In conclusion, the evidence provided by Kikuya et al9 supports the suggestion that the quantification of day-by-day BPV and HRV at home adds to the stratification of risk based on the simple assessment of average home BP and HR values. However, before recommending this approach in routine clinical practice, a few issues would need to be further addressed, as acknowledged by the authors themselves. First, the factors responsible for between-subject differences in day-by-day home BPV and HRV are yet to be identified, which prevents any possible countermeasure to be defined. Second, the possible therapeutic implications of an increased day-by-day home BPV and HRV, in terms of drug prescription and dosing, are still totally unexplored. Finally, the prognostic value of differences in home BPV and HRV should be compared in the same subjects with the prognostic value of concomitant differences in office and in ambulatory BPV and HRV to more precisely gauge the specific contribution of day-by-day changes in home BP and HR to cardiovascular risk assessment vis-à-vis the information provided by other BPM techniques.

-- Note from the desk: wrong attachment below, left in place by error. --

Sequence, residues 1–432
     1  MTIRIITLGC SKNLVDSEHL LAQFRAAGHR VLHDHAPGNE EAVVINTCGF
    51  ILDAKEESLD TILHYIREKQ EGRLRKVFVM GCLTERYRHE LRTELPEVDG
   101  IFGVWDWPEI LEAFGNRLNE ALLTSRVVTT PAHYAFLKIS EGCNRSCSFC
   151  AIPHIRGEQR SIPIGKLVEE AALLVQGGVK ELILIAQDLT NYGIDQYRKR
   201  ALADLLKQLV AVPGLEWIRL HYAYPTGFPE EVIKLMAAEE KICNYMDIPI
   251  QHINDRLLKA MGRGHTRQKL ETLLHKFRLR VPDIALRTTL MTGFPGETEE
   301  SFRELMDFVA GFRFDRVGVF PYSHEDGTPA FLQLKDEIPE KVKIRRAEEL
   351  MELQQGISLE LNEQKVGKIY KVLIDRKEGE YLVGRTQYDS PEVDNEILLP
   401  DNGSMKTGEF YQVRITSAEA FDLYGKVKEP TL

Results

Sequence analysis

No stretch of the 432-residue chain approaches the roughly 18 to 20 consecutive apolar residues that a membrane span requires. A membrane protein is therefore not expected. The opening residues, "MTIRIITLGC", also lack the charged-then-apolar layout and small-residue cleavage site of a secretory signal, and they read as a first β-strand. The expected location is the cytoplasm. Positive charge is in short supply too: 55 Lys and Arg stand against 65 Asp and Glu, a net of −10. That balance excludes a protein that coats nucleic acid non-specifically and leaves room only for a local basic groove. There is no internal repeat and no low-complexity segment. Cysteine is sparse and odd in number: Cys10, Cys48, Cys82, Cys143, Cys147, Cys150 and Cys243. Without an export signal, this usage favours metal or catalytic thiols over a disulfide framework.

In spite of these still open problems, the data obtained by Kikuya et al9 should, nevertheless, raise greater attention toward the role of day-by-day changes in home BP and HR in the prognostic stratification of hypertensive patients while waiting for future studies to address this issue in more depth.
The opinions expressed in this editorial are not necessarily those of the editors or of the American Heart Association.